Kamara told HuffPost that she remains haunted by the experience, and can still recall the sharp pain that seared through her. But, she has now also grown to love her body, enjoy sex and achieve orgasms.
“Even though the clitoris has been removed, that doesn’t stop us from having full capacity of pleasure during sex,” Kamara told HuffPost at the Women Deliver conference in Copenhagen last month. “It’s just difficult because you have to engage both physically and mentally.”
Kamara has been sexually active since she was 18. It took her four years to experience her first orgasm. But she only learned how to truly enjoy intercourse once she met her now-husband at 28 in London, where Kamara lives. Her husband, who is also from Sierra Leone, was the first man who was patient with her and worked to understand the trauma that she had endured.
“What I’ve learned, with his help, is how to understand my body,” she said. “He knows my spots, knows what turns me on, and how to engage with me sexually. That really, really helped me.”
Before she met her husband, sex was an excruciating and detached process. She said her ex-husband, and her other partners, never considered her wants or needs, which is characteristic of her community, Kamara said.
“Sexual intercourse was really, really difficult,” Kamara said of her past experiences. “When he demands sex, you don’t have to be ready. You just lie down and they have their way.”
Though Kamara was eager to escape the oppressive traditions of her community when she relocated to England in 1999, she moved to, and continues to live in, an area that’s heavily populated by Sierra Leoneans.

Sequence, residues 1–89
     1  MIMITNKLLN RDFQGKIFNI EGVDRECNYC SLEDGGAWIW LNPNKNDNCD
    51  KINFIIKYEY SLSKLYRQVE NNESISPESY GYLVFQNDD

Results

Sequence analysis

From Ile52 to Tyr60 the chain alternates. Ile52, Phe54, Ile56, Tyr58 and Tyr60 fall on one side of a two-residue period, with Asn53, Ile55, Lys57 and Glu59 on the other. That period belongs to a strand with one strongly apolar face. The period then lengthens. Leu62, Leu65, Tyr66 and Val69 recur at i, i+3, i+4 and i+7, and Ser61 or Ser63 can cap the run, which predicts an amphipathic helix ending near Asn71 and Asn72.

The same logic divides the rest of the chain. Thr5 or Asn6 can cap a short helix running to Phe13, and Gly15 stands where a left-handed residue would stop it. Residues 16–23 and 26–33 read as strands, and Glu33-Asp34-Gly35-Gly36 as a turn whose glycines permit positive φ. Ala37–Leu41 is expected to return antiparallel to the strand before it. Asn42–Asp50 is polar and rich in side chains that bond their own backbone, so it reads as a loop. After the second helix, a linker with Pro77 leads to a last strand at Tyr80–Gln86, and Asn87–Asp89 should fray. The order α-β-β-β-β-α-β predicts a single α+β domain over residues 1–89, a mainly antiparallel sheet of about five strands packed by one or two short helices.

ut after uncovering that sex can actually be pleasurable, Kamara was inspired to start counseling other FGM survivors from her area.
More than 200 million women alive today have undergone FGM, according to the World Health Organization’s estimates. Due to migration, the practice is on the rise in a number of areas around the world, including in the U.S. In the U.K., an FGM case is reported every 109 minutes, the Independent reported in February.
FGM is spreading despite a 2012 U.N. resolution, which called on countries to ban the practice.
Such increased risks have prompted advocates to ramp up their efforts. They’re working to create programs to help curb the practice and offer more supportive services for women and girls who have been cut.
Kamara, who earned a degree in community development from London Metropolitan University, is uniquely positioned to reach some of the least accessible FGM survivors.
In Sierra Leone, 90 percent of women and girls have been cut, according to UNICEF.
Unlike survivors from other regions, where FGM is just as widely practiced, those from Sierra Leone are often less likely to talk about it and seek help, according to Kamara.
After they’re circumcised, girls and women are told that they should never mention it, and that doing so can bring on a curse and humiliate the family, Kamara said.
And discussing sex is deemed particularly reprehensible.